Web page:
Should the ICE include an even more diverse range of professionals?

We increasingly recognise that infrastructure performs best when it’s the product of multiple inputs from a very wide range of professionals. Should ICE become the Institution of Infrastructure Delivery and broaden its membership?

Who are all the professionals who need to contribute to deliver the best infrastructure for society? Image credit: WSP Ltd
Who are all the professionals who need to contribute to deliver the best infrastructure for society? Image credit: WSP Ltd
The other day as I walked up the stairs in One Great George Street towards the Members’ Library - walking is good for me apparently so I avoided the lift - I was under the gaze of the great and the good past presidents. 

I noticed that apart from the fact that they were nearly all men, and pretty fierce looking, there were many ’Sirs’ and ’Professors’ and even the occasional ’Lord’. Not quite so many recently; maybe a reflection of the changing perception of value to society of civil engineering?
 

Infrastructure deficit as absence of built things

I thought back to when I started as a water engineer over 35 years ago when British engineers were still working all over the world.  We were still very much in the mode of “directing the great sources of power in nature for the use and convenience of man”.  

Many of the projects we worked on until the 1990s would not and could not be built today. 

But in the 1980s, there was a view that in Africa for example, there was a massive infrastructure deficit, things needed to be built and we could do it. And things – towns, bridges, roads, dams, irrigation systems, hospitals, schools, airports, ports, water supplies, sanitation systems – were indeed built.  

Some things were more successful than others, with longer term benefits; roads, bridges, ports, airports, for example, seem to have in many cases creaked a bit, but delivered connectivity,  increased trade and economic growth.  
 

Past simplicity due to past ignorance?

It all felt simpler then, but that feeling was to some extent powered by ignorance: ignorance of the growing threat of climate changes, of the extraordinarily rapid rural-urban migration and the stresses that put onto urban planning and urban services, of the poorly understood fragility of interdependent eco-systems, community structures and urban institutions.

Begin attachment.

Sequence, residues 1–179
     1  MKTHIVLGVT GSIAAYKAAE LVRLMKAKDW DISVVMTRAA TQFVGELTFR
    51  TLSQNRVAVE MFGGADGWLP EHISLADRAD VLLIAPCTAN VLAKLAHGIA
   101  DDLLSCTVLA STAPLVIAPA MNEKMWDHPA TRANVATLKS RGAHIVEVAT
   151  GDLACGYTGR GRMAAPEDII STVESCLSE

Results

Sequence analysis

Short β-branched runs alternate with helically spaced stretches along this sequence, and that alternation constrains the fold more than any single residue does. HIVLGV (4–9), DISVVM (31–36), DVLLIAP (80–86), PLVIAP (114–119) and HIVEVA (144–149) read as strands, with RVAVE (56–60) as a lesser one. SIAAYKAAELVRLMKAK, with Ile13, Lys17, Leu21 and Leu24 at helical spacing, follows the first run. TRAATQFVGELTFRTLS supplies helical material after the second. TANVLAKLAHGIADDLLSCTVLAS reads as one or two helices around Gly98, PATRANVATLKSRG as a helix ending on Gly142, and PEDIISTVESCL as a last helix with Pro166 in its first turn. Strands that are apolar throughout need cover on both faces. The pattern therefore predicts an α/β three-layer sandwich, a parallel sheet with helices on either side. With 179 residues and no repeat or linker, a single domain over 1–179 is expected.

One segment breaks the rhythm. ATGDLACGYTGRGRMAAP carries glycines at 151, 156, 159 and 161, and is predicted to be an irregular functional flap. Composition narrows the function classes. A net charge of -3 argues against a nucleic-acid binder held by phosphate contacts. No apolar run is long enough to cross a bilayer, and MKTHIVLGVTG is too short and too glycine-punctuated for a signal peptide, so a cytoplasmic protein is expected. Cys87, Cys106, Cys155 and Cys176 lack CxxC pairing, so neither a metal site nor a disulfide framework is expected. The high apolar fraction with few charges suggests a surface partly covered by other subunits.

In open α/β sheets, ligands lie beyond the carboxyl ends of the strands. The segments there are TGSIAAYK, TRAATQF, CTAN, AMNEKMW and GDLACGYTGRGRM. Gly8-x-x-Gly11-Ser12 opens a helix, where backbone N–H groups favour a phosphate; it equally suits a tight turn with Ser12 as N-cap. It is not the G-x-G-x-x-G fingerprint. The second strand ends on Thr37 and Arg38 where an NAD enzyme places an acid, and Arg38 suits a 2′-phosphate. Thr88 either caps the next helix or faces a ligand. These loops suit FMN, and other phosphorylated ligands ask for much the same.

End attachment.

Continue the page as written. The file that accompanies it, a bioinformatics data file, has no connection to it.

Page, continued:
So, we made some mistakes. I don’t seek to excuse them, but maybe the dawning realisation that development through concrete is perhaps not the only way forward has led to a loss of confidence among British civil engineers on the one hand, and a loss of societal trust on the other?

Today’s world still has enormous infrastructural and institutional deficits, with poor and marginalised people all over the world struggling to get by, but British contractors are distinctly less visible outside UK. Instead, there’s a new group of contractors building things, with mixed success, as before. 

British engineering still has a huge role to play, in this specific challenge, as in the global infrastructure sector more generally. 

As the gap between availability of something and the need for it – land, energy, water, road space, funding etc – has become tighter, and the pressures of population growth and climate change increase, so the task of conceiving, developing and delivering more efficient, effective, sustainable, socially acceptable, resilient, inter-connected, future-ready schemes becomes more complex.   

Our past and current experiences could be hugely valuable here, in emerging economies as well as ‘post-industrial’ ones.
 

Experience in design in the broadest sense

We’re already getting better at this in any case. It’s now an essential part of any project within the UK.  

Our relatively densely populated island has many demanding, engaged, activist and media-wise groups and communities with whom civil engineers come into contact during projects.  

Increasingly, our skills in these areas are constantly being tested and challenged, as is our need to work with and respect the inputs of ecologists, marine scientists, landscape architects, sociologists, health professionals, planners, local government, MPs, heritage groups and the like.  

Good projects are those which are well-designed. And I mean designed in the broadest sense, with a secure understanding of the issues, obstacles, opportunities, inter-actions, vulnerabilities to be addressed now and in the future, before we rush to slap a planning application in! 

We need this broad church of diverse and different skills, insights, knowledge and opinion to work together to define the work we are to design and deliver on behalf of and for the betterment of society.  

So, should we open our arms and welcome more skills into the ICE – the Institution of Infrastructure Delivery maybe?
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